2011 Nobel Prize for Medicine: Beutler, Hoffmann, Steinman for work on the Immune System

i-37d58446840f6aec692e3a9bf6cd5c28-Nobel_Prize-thumb-300x300-69628.jpgThe prize went to Bruce Beutler, Jules Hoffmann, and Ralph Steinman for their work on the immune system.

Beutler and Hoffmann’s work enhanced our understanding of the activation of innate immunity in humans. In other words, the link between cytokine and swelling and related issues. Among other things, this work resulted in the development of Etanercept, a treatment for Psoriasis, rheumatoid arthritis, and Crohn’s disease.

Steinman discovered dendritic cells and the role they play in adaptive immunity. These are part of the mammalian immune system. They mediate between antigens (molecular clues carried by invading or unwanted objects such as bacteria) and other immune system cells. Among other things, this is part of the process that ultimately causes your lymph nodes to swell up.

So the whole Nobel Thing this year as all about swelling up!

Share and Enjoy:
  • Twitter
  • StumbleUpon
  • Facebook
  • Digg
  • del.icio.us
  • Yahoo! Buzz
  • Google Bookmarks
  • LinkedIn

7 thoughts on “2011 Nobel Prize for Medicine: Beutler, Hoffmann, Steinman for work on the Immune System

  1. They certainly were well deserved Nobel prizes, though it is a real shame that Ralph Steinman never learned about his award before his death last Friday.

    I expect – and hope – that the Nobel committee will allow his prize to stand. It was bad enough that Min Cheuh Chang* and Patrick Steptoe missed out on last years award for IVF because of the two decade delay in recognizing their achievements, but for Ralph Steinman to miss out on this years would be too cruel.

    * Of course Min Cheuh Chang should also have received a Nobel for his role in the development of the oral contraceptive pill with Gregory Pincus, I doubt there are many medical breakthroughs which have such a profound effect on society.

  2. “Beutler and Hoffmann worked on the activation of innate immunity in humans.”

    Hardly. Beutler’s work for which he was awarded was in mice. Hoffman’s was in the fly. The importance is in the impact that this work later had on humans. This should highlight the fact that supporting basic research in model systems (animal, insect or any lower organism) is vital to advancing science and medicine.

  3. That is correct. I’m sure that if this work only advanced our understanding of how flies swell up he would have still gotten the Nobel prize for medicine. Thanks for the correction. Sort of how my wife works on human heart disease, aging, and muscular distrophy but only touches mice and rabbits and the occasional fungus.

    And Beutler never wrote a paper called “Shock and tissue injury induced by recombinant human cachectin” and Hoffmann never wrote any comparative papers or noted anything about human in his research.

    Oh, and all those people doing medical research related to human diseases, they are all using human models, no rodents, lagomorphs, or flies. Ever.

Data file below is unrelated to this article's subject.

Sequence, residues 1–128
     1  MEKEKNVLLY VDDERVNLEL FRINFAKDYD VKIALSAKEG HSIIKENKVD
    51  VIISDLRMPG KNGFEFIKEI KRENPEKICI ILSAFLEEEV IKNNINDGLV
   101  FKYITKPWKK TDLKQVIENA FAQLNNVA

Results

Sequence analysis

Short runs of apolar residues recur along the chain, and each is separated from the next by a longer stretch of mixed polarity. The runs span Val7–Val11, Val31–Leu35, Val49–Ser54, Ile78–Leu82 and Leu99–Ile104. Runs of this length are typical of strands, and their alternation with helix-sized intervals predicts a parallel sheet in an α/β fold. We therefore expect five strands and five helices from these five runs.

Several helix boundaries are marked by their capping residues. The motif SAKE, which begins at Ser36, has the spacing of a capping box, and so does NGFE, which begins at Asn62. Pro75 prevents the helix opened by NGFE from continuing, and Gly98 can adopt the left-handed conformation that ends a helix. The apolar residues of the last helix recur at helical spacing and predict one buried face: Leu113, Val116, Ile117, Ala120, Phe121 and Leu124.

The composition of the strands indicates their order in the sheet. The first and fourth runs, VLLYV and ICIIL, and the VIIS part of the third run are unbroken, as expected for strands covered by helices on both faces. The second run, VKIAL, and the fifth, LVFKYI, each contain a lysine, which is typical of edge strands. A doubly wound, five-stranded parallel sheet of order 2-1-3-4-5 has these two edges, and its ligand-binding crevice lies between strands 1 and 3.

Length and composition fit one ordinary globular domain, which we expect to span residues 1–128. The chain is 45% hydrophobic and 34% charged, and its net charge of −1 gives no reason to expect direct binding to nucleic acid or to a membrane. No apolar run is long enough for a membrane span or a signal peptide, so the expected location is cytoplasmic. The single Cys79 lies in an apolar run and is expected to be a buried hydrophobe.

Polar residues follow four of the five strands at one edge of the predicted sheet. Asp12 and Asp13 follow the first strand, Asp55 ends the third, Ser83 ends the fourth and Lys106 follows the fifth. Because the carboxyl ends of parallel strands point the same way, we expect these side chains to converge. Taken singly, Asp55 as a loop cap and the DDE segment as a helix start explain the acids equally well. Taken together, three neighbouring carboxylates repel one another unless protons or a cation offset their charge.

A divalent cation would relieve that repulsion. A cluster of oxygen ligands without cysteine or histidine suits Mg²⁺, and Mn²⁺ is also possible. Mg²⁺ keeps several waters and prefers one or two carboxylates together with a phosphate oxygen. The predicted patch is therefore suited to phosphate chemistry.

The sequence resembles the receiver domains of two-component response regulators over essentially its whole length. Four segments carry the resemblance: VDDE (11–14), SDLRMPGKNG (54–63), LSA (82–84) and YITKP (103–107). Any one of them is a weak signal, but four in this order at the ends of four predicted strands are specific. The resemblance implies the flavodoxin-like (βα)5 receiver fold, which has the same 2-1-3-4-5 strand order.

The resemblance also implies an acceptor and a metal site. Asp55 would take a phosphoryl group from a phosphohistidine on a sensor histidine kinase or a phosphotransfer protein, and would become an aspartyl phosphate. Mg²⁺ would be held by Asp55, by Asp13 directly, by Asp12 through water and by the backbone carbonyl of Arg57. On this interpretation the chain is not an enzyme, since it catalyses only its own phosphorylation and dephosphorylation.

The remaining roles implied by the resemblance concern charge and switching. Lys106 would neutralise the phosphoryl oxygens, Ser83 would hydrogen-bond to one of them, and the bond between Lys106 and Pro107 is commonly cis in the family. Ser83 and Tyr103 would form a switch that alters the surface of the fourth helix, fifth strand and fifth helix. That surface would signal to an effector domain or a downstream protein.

But OK, snark aside, there is nothing wrong with noting that scientists use animal models in their research and that is ACTUALLY what they are working on.

    But don’t ever start a paragraph like that one with the word “hardly” because is is absolutely not true that they give the Nobel Prize for medicine to people who’s work is hardly related to human medicine. Or at least, hardly ever.

  4. Good point Flylady, and one I also made in a post yesterday on the Speaking of Research Blog.


    Greg, Flylady is making essentially the same point you are, she certainly wasn’t disputing the fact that the discoveries of Beutler and Hoffmann are relevant to human medicine. That both Hoffmann and Beutler have (along with many other scientists) followed up their initial discoveries with a lot of research in both humans and animal models does not alter the fact that the discoveries they are being honored for were made in studies of flies and mice.

  5. Paul, I don’t think so. The importance of their research in relation to the development of human medicine is extraordinary. That is why they got the Nobel Prize for medicine. That they did their research with animal models makes them ordinary. The contribution of their research to non human areas is also extraordinary, but they didn’t get the Nobel Prize for medicine for that.

    And good for them and good for all of us.

    In your post you note:

    This yearâ??s Nobel Prizes once again recognize the value of basic biomedical research in stimulating medical advances, and once more highlight the crucial role played by animal research in making the Nobel-winning discoveries possible.

    Very true, good point.

  6. OK, I absolutely agree that the reason they got the prize was the importance of their discoveries to medicine. Didn’t mean to imply otherwise.

Leave a Reply

Your email address will not be published.